The following section appears to say authors can't write more stories using their characters and worlds:

3a. EXCLUSIVITY OF CONTENT. The Author agrees not to publish another story in the same or competing market under the same or similar title, or containing the Work’s concept or story premise, including characters, places, and plots, as long as this contract is in force without written permission from the Publisher for twelve (12) months after publication. 

This section appears to say authors can't use the edited version of their story:

6c. Ownership of Finished Work. Copyright to the finished, rendered, assembled work (the anthology) produced by the Publisher is owned by Left Hand Publishers. Upon completion or termination of this Agreement, the Author is assigned complete ownership rights of the original manuscript, but not the formatted or edited project

The following two sections are what I would consider pure rights grabs:

9a. FIRST RIGHT OF REFUSAL. The Author agrees for the term of the agreement to allow the Publisher first right of refusal on any and all subsequent or additional published works in this series, including, but not limited to: stories and books considered to be a sequel, serial, or work of fiction involving the characters or story premise introduced, utilized, and/or discussed in the book.
10a. MERCHANDISING & ENTERTAINMENT ROYALTIES. The Author agrees that the Publisher will be entitled to a 5% royalty on all additional entertainment and novelty media in conjunction with this Work, its characters and/or story premise for the first twenty-four (24) months after publication. The Publisher will be entitled to a 2.5% royalty on all additional entertainment and novelty media in conjunction with this Work, its characters and/or story premise for the next twelve (12) months after the initial 24 months and then 1% in perpetuity after that. This clause supersedes the life of this contract and will remain in effect for the duration of the characters’ and story arc’s lifespan. This does not include literary projects.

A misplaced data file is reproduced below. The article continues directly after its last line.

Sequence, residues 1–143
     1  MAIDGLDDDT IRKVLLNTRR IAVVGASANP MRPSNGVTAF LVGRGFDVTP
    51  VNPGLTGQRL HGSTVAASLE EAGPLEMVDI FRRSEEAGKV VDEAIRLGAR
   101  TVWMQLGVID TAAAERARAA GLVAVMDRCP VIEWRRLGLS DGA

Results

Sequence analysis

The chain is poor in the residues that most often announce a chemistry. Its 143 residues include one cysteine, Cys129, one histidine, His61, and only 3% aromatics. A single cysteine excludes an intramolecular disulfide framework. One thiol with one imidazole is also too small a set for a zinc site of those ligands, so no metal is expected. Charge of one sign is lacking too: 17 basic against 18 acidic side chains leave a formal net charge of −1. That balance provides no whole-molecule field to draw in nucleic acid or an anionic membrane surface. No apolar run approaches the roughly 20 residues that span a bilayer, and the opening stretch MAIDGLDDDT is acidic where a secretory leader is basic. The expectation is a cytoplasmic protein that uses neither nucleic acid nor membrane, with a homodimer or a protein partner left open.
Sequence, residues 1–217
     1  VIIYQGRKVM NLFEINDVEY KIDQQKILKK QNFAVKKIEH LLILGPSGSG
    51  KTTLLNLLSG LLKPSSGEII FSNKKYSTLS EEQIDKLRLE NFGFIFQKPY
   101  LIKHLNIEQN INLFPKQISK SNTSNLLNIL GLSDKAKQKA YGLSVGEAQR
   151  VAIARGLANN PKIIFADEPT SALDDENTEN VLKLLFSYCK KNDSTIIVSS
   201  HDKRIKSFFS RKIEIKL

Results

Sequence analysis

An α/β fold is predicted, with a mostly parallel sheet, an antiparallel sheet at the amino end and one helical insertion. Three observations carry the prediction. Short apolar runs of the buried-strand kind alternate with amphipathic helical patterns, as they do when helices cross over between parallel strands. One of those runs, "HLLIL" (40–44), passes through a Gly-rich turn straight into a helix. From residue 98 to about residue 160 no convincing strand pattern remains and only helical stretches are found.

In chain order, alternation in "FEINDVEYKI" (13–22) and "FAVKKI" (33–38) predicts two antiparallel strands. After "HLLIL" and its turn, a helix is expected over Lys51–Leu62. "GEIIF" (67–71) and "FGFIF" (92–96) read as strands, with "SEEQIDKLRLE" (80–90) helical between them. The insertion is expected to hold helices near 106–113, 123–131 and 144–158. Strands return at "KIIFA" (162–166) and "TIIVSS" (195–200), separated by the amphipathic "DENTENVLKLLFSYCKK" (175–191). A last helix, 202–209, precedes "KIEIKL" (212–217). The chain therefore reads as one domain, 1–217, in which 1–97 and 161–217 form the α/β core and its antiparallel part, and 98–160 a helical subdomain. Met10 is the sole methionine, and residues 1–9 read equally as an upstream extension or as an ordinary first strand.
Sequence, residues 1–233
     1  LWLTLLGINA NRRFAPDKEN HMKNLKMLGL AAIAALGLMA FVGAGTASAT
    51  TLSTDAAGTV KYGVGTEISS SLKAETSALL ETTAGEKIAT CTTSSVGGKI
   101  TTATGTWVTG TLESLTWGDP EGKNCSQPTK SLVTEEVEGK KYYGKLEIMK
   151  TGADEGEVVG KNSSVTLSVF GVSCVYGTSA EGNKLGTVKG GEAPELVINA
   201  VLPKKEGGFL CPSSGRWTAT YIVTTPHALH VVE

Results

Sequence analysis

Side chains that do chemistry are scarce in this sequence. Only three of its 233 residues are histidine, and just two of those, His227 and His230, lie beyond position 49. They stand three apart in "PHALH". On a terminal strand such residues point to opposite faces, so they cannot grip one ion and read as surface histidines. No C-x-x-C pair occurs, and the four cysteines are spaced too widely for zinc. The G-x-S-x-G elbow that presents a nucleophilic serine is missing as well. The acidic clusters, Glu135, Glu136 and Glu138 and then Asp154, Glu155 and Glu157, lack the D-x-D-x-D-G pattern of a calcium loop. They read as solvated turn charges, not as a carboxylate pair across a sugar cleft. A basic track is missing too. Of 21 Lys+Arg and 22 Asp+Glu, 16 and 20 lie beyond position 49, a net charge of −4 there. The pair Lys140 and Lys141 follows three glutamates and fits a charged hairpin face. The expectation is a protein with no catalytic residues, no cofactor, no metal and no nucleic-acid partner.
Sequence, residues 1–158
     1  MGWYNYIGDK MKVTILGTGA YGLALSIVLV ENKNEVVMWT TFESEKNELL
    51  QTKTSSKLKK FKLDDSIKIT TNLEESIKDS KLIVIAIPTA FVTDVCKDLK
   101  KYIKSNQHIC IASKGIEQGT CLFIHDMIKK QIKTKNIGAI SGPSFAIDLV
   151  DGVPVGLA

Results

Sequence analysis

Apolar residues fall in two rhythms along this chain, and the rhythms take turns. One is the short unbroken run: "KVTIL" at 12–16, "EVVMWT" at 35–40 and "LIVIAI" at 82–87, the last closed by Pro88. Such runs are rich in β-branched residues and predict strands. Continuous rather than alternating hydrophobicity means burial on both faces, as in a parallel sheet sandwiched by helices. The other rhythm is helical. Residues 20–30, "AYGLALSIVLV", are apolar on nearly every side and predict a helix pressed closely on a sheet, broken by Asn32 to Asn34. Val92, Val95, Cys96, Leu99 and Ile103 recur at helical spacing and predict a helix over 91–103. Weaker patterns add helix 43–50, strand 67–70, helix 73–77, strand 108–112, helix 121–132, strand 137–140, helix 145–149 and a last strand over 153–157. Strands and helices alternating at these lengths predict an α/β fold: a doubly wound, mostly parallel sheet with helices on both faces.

And finally, consider this section which tries to keep authors from talking about the contract itself:

23a. CONFIDENTIALITY. Both the Author (and their assigns) and the Publisher (and their assigns) agree to hold the terms of this contract in strict confidence and shall not release said terms to any outside individual or organization. Both Author and Publisher agree not to disclose, discuss, or in any way mention the details of terms of this agreement. This includes Social Media, private writing groups, and scheduled appearances. (It’s okay to discuss your involvement and publication, just not the terms of the deal, i.e., money, compensation, etc.) 

However, funny thing about contracts — they're only valid if signed. I didn't sign this contract, so I'm free to discuss the contract all I want.

There are also other issues with the contract, which I have sent to SFWA to look at. But this is not a contract I would ever sign as an author.

And did I mention that the payment to sign this contract is $25 for a short story?

It's quite possible the people behind Left Hand Publisher are unfamiliar with standard contracts in the publishing industry, and don't realize how many of the terms described in their contract are non-starters for professional authors. If this is the case organizations like SFWA would be happy to provide them with model contracts and feedback so their contract benefits both the publishing company and authors. If they contact me I'll help them connect with SFWA.

I also hope the people behind Left Hand Publisher will take this analysis in a positive manner. They are publishing a number of new authors who are likely happy about having stories in these books. By being more transparent in who is actually behind the press, and by changing their contract terms, Left Hand Publishers would likely find itself embraced by the larger genre community.

But until they make these changes, I can not recommend authors sign this contract with their press.